Matt Wilson’s Arts and Crafts – The Scenic Route – Palmetto

by | Sep 12, 2007 | Jazz CD Reviews | 0 comments

Matt Wilson’s Arts and Crafts – The Scenic Route – Palmetto 2122,  56:56

(Matt Wilson, drums; Terell Stafford, trumpet & flugelhorn; Gary
Versace, B-3 organ & piano; Dennis Irwin, bass)

Matt Wilson is a special drummer. His versatility is well known and rather
unique, in that he is comfortable playing both inside and out.  He is the
drummer for Charlie Haden’s latest version of The Liberation Music
Orchestra, as well as being a first call drummer for sessions in the Big
Apple, where he resides in Queens.  He can be in an avant garde session in
Harlem, and then be drumming in an upscale club in Manhattan the next
night. He shares his talents with lesser-known musicians such as Portland’s Dan
Balmer, on Balmer’s recent release. That connection was made through
Wilson’s band mate, Gary Versace. In addition to all this activity, Wilson
finds time to lead his own band, Arts and Craft.

For The Scenic Route, Wilson is in his mainstream bag, and this session is
a hard-charging soulful bebop affair.  It features one of today’s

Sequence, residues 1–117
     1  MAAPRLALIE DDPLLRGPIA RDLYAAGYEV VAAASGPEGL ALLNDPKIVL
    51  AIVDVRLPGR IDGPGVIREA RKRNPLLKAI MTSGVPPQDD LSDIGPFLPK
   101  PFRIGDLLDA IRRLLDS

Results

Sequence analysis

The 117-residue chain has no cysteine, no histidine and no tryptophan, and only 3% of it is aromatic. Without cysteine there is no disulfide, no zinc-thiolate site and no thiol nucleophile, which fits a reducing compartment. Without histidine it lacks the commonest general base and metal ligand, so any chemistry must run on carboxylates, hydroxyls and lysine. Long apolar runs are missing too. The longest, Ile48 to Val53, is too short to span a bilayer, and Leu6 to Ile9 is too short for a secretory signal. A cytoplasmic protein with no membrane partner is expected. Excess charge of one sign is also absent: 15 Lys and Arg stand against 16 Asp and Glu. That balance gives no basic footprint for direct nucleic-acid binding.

greatest trumpeters, Terell Stafford, whose power, drive and magnetism on
the horn puts him in the extreme upper echelon of present day brass men..
On this CD, Stafford lights up his solos, and Versace’s greasy organ fills
bring to mind the best of 1960s Blue Note recordings.  Bass player, Dennis
Irwin, is as usual right in the pocket. The unidentified Swayettes provide
background vocals, which are used judiciously to spike up the proceedings.

The swing begins in earnest with the title cut, and Stafford matches
Versace in the grease quotient with some great muted work.  Versace throws
in some spacey lines that Wilson answers.  We See features Stafford on top
of Monk’s melody, and Irwin’s bass is ever present. Versace gets in his
Monkisms as well.

Wilson’s soulful 25 Years of Rootabagas, has a churchified New Orleans
vibe provided by Stafford and Versace. Feel the Sway follows and is another
knockout.  Rejoicing is next and ups the ante by skirting the outside edge.
Versace’s piano talent drives this tune as does Wilson’s stick work.

Pat Metheny’s lovely The Bat slows down the proceedings and again
Stafford has some beautiful lyrical trumpet lines, matched by Versace’s
Hammond B-3. Perhaps the track that most approaches the avant is Wilson’s
tribute to Dewey Redman, In Touch With Dewey. This CD concludes with three
more lyrical selections, Bobby Hutcherson’s Little B’s Poem, and Tenderly,
a classic for Stafford. Closing out The Scenic Route is Our Prayer/Give
Peace a Chance
, a combination of Albert Ayler, and Lennon and McCartney,
and would be right at home in Charlie Haden’s Liberation Music Orchestra.
I can’t recommend this CD highly enough!

TrackList: The Scenic Route, We See, 25 Years of Rootabagas, Feel the Sway,
Rejoicing, The Bat, In Touch With Dewey, Little B’s Poem, Tenderly, Our
Prayer/Give Peace a Chance

– Jeff Krow 

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